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How To Prevent Fresh Water Contamination On Ships?

Fresh water is one of the most essential aspects of routine operations for ships and its crew when at the sea. Fresh water is taken from port facilities and also generated on board ships.

Dedicated tanks are provided on ships to store this fresh water. However, fresh water can easily get contaminated in several ways and proper steps should be taken to prevent the same.

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In this article, we will take a look at various steps that should be taken to prevent contamination of freshwater on board ships.

When fresh water is taken from barges or ports, it should be noted that dedicated hoses are used for the transfer purpose. Having said that every possible step should be taken to ensure that the fresh water is not contaminated during the transfer process or in the fresh water tanks.

Fresh water in the tanks should be treated with chlorine at regular intervals of time; however, it should be noted that the fresh water taken from the shore has residual chlorine content of 0.2 PPM.

Fresh water generated using desalination plants (fresh water generator) or reverse osmosis process on ships should be transferred to the fresh water tanks only when the ship is 25 miles away from the shore or 50 miles from an estuary.

Several methods are used to sterilize water on ships. If ultra violet sterilizer and automatic chlorinator system are used, they should be in proper working condition. Moreover, a full flow silver ion system can also be used for the same.

Fresh water storage tanks should be prevented from getting contaminated by taking every step possible. The following steps must be taken without fail.

  • If possible, drinking and washing water should be kept in a separate tank, which is isolated from the system supplying fresh water to jacket water, oil purifiers etc. In case such arrangement is not possible, a non return valve or an air break in the pipe work should be fitted to prevent any back contamination.
  • Fresh water storage tanks should be inspected at regular intervals of time and proper maintenance should also be carried out. They must be inspected every 12 months and refilled with sterilized water following cleaning with a 50 PPM chlorine solution.
  • Fore peak tanks which are susceptible to damage, or aft peak tanks which are too difficult to clean should not be used for fresh water storage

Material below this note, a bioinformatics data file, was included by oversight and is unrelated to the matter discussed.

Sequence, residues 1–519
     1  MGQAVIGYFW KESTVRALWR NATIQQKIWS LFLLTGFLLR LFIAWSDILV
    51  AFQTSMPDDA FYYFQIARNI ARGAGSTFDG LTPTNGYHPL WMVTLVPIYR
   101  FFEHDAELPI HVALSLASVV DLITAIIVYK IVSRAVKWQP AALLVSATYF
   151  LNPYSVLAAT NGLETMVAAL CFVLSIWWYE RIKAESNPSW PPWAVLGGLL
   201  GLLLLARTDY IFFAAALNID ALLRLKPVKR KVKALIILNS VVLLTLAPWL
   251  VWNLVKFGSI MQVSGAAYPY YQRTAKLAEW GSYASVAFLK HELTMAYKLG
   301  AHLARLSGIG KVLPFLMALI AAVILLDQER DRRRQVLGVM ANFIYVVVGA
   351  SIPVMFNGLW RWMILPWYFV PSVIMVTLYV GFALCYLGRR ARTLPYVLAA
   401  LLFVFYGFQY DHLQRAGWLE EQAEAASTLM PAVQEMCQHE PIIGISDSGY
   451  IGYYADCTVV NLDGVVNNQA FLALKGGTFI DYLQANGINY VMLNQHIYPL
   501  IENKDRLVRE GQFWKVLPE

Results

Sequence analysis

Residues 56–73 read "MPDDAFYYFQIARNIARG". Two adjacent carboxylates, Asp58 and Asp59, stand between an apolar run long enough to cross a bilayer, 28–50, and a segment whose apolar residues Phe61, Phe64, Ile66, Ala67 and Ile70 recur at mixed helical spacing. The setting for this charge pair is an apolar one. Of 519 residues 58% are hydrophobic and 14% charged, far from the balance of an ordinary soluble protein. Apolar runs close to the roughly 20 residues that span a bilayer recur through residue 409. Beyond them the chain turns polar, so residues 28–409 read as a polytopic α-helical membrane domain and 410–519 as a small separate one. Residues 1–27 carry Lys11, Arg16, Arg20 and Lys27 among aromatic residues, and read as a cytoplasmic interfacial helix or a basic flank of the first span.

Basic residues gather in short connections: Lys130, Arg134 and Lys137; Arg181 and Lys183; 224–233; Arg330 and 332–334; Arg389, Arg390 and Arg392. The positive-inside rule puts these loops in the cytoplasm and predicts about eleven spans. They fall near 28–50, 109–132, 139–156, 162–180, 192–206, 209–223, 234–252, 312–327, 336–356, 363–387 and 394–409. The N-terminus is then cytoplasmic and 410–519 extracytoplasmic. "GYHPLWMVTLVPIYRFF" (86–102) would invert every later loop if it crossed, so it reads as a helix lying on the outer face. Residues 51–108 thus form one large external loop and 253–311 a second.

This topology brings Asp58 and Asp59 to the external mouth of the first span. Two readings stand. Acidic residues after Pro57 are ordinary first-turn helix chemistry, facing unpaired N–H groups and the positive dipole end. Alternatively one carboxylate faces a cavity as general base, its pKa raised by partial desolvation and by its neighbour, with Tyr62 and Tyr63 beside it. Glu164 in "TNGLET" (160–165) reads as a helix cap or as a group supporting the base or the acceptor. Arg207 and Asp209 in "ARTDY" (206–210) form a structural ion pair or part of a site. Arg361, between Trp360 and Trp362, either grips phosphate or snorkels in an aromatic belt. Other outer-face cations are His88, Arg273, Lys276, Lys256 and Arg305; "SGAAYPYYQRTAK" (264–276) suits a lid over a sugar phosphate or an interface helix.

• The storage tanks should be designed in such a way that easy drainage and cleaning is possible.
  • Tanks should be pressure tested every 10 years to ensure that there is no seepage of any kind.
  • Manholes should be made of adequate size and must be raised above the deck level
  • Pipes which have the same quality of water should be allowed to pass through the tanks
  • Goose necks should be properly designed to prevent ingress of sea water
  • Proper coatings as suggested by the manufacturers should be applied inside the tanks
  • Contamination of fresh water mainly occurs in the distribution system and therefore suitable filtration system (filters and strainers) is a must.
  • Hot water line in the fresh water generator should be properly insulated especially when it runs adjacent to the cold water line. Moreover, special care should be taken while choosing material used for the joints.
  • Chlorinators should be raised to 70oC before opening for inspection to kill any type of bacteria colonies. Moreover, opportunity should be taken at refits to flush the system with 50 PPM chlorine solution. Shower heads and taps should be cleaned in a similar solution every 3 months.
  • Chemicals approved and suggested by the manufactures must only be used to prevent any kind of toxicity entering the fresh water.
  • Antifouling equipment of the approved type should be used if required.

Just like fuel tank cleaning, fresh water tanks should also be cleaned whenever opportunities arise and must be added in the maintenance plan of the ship. Tank sounding using any of the main methods should also be taken to keep a track of the level of water both in oil and fuel tanks.

The Original Posted by : http://www.marineinsight.com

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